3

There are five figures. Basically, I'd like them to displayed as following:

     |figure 1|figure 2|

|figure 3|figure 4|figure 5|

The first two figures are in the first row and the last three are in the second row. And The first row should be in the middle of the second row.

3 Answers 3

4

(Updated to include @Mico's suggestion of a \bigskip.)

Here's one possibility that makes use of \parboxes. This solution makes sense, I think, if you want all of the figures to have a figure number that increases.

You can change the length for the first two \parboxes and the length for the first two \includegraphics commands if you want the top two figures to be smaller and not span the entire width of the overall figure environment.

\documentclass{article}

\usepackage{graphicx}
\usepackage{mwe}

\begin{document}

\begin{figure}
\parbox{.48\textwidth}{\includegraphics[width=.48\textwidth]{example-image-a}\caption{}}
\hfill
\parbox{.48\textwidth}{\includegraphics[width=.48\textwidth]{example-image-a}\caption{}}

\bigskip

\parbox{.32\textwidth}{\includegraphics[width=.32\textwidth]{example-image-a}\caption{}}
\hfill
\parbox{.32\textwidth}{\includegraphics[width=.32\textwidth]{example-image-a}\caption{}}
\hfill
\parbox{.32\textwidth}{\includegraphics[width=.32\textwidth]{example-image-a}\caption{}}
\end{figure}

\end{document}

enter image description here

There are also the subfig and subcaption packages that allow you to have subfigures (e.g., the labels will be something like Figure 1(a), Figure 1(b), etc.; see, for starters, subcaption vs. subfig: Best package for referencing a subfigure and also Jesse's answer for a concrete example).

2
  • You may want to insert a bit of extra vertical spacing, say \medskip or \bigskip, between the two groups of figures. Otherwise, it's not immediately clear where the first two captions belong.
    – Mico
    Commented Mar 14, 2014 at 13:12
  • @Mico thanks for the suggestion! Answer has been updated.
    – Adam Liter
    Commented Mar 14, 2014 at 14:40
3

Another alternative is use of subfigure package with subfigure command.

Edit: Reminded by Adam, subfigure is depreciated, so a new update here subfig is used with subfloat command.

enter image description here

Code

\documentclass[]{article}
\usepackage[margin=1cm]{geometry}
\usepackage{subfig}
\usepackage[demo]{graphicx}

\begin{document}

\begin{figure*}[htbp]
\centering
\subfloat[~subcaption1]{\includegraphics[scale=.95]{figure}}\,
\subfloat[~subcaption2]{\includegraphics[scale=.95]{figure}}
\\
\subfloat[~subcaption1]{\includegraphics[scale=.95]{figure}}\,
\subfloat[~subcaption2]{\includegraphics[scale=.95]{figure}}\,
\subfloat[~subcaption2]{\includegraphics[scale=.95]{figure}}
\vspace{-0.6 cm}  % can be changed to suit one's need.
\caption{Caption}
\label{}
\end{figure*}

\end{document}
5
  • What's the need for \mbox? Commented Mar 14, 2014 at 5:52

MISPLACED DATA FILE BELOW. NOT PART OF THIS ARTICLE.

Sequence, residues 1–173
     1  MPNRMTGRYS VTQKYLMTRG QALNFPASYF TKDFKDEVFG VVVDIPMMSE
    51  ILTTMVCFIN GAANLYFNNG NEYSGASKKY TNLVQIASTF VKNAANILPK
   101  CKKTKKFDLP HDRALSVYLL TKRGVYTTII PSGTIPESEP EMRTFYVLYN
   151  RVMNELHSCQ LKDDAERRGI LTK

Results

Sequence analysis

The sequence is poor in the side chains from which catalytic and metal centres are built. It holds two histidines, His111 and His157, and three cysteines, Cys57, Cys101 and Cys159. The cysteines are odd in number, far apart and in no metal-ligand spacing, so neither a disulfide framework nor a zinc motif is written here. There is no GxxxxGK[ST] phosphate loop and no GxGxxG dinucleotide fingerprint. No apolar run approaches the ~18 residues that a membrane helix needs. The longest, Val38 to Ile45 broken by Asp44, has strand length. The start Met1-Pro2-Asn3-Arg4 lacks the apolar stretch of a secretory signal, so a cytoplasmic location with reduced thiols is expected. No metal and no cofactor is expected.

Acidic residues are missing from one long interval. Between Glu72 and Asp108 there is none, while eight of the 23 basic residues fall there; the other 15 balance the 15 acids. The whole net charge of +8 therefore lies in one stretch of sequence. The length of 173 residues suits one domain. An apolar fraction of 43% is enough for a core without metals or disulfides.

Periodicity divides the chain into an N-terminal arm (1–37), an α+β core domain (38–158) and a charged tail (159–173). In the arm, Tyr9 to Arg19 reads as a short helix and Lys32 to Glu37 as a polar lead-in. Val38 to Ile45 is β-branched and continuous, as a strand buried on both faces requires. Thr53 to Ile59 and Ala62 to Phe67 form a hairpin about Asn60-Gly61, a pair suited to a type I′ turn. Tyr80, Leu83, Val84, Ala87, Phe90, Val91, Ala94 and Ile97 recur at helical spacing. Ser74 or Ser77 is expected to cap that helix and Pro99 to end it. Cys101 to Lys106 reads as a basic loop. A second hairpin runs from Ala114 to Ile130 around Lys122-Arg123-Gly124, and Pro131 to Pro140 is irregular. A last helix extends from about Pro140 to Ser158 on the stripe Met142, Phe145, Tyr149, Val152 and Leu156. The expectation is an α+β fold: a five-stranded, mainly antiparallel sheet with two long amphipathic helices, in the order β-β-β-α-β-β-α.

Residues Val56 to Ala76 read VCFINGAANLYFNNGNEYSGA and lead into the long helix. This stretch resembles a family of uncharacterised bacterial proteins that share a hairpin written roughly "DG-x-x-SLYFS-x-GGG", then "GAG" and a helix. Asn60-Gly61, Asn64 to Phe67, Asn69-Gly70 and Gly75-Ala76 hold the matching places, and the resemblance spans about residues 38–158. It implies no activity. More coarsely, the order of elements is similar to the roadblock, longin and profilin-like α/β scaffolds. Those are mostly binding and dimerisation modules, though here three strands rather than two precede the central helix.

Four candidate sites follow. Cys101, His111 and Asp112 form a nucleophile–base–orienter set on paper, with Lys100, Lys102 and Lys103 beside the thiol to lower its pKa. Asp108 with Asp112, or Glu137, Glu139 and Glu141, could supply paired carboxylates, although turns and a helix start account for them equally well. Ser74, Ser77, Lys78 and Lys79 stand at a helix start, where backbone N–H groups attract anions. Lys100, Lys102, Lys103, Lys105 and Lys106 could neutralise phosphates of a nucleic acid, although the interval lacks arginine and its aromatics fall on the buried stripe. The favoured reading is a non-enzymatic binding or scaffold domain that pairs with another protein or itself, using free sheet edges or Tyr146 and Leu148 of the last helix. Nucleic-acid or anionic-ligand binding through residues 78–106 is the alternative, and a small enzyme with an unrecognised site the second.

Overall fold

• Indeed, it works without \mbox, but my gut feeling was that it is for horizontally aligned material said in wikibook here. en.wikibooks.org/wiki/LaTeX/Boxes#makebox_and_mbox. With that in mind I keep it there. @karlkoeller, what do you reckon?
    – Jesse
    Commented Mar 14, 2014 at 6:00
  • I would remove it. But feel free not to follow my opinion. :-) Commented Mar 14, 2014 at 9:07
  • @Jesse Those \mbox commands only add unwanted spaces (because you're not protecting end-of-lines). Also the lonely [t] in the options to figure* should be [tp]
    – egreg
    Commented Mar 14, 2014 at 11:30
  • @egreg, karlkoeller -- Thanks to you all. I finally understand the differences which had puzzled me since I posted it, not sure whether to keep or to remove it.
    – Jesse
    Commented Mar 14, 2014 at 12:02
1

You could place the graphs in minipage environments -- each one associated with a \caption command -- all within one and the same figure environment.

enter image description here

\documentclass{article}
\usepackage[demo]{graphicx}  % omit 'demo' option in real document
\begin{document}

\begin{figure}
\centering

% first group of figures
\begin{minipage}{0.31\textwidth}
\includegraphics[width=\linewidth]{pic1.pdf}
\caption{First of five} \label{fig:1}
\end{minipage}
\hspace{3mm} % choose horizontal spacing to suit your needs
\begin{minipage}{0.31\textwidth}
\includegraphics[width=\linewidth]{pic2.pdf}
\caption{Second of five} \label{fig:2}
\end{minipage}

% second group of figures
\bigskip
\begin{minipage}{0.31\textwidth}
\includegraphics[width=\linewidth]{pic3.pdf}
\caption{Third of five} \label{fig:3}
\end{minipage}
\hspace*{\fill}
\begin{minipage}{0.31\textwidth}
\includegraphics[width=\linewidth]{pic4.pdf}
\caption{Fourth of five} \label{fig:4}
\end{minipage}
\hspace*{\fill}
\begin{minipage}{0.31\textwidth}
\includegraphics[width=\linewidth]{pic5.pdf}
\caption{Last of five} \label{fig:5}
\end{minipage}
\end{figure}

\hrule % just to illustrate width of text block
\end{document}

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